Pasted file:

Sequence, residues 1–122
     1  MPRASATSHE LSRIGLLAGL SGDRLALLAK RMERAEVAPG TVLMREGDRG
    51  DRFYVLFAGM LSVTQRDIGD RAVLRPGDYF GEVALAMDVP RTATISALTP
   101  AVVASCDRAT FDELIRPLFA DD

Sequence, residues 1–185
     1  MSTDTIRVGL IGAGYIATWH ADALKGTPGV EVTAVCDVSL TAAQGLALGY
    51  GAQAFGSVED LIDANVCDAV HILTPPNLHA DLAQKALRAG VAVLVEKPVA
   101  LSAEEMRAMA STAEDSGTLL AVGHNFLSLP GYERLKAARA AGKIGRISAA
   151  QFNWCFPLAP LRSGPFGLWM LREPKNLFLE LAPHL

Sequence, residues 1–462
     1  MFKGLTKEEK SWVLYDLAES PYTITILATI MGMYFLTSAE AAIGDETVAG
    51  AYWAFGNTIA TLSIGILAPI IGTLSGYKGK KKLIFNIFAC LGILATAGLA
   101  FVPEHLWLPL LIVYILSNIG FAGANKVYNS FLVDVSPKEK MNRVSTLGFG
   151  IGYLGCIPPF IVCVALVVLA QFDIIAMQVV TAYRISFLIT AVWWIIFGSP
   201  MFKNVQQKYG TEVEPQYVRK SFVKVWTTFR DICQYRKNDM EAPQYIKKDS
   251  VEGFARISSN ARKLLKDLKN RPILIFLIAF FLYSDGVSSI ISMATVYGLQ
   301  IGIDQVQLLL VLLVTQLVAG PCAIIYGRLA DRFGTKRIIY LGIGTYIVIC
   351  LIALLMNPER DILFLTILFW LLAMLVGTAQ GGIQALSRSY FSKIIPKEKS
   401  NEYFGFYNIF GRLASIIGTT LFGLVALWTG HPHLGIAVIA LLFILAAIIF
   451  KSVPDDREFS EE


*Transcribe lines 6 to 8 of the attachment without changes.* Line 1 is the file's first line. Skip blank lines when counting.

     1  MSTDTIRVGL IGAGYIATWH ADALKGTPGV EVTAVCDVSL TAAQGLALGY
    51  GAQAFGSVED LIDANVCDAV HILTPPNLHA DLAQKALRAG VAVLVEKPVA
   101  LSAEEMRAMA STAEDSGTLL AVGHNFLSLP GYERLKAARA AGKIGRISAA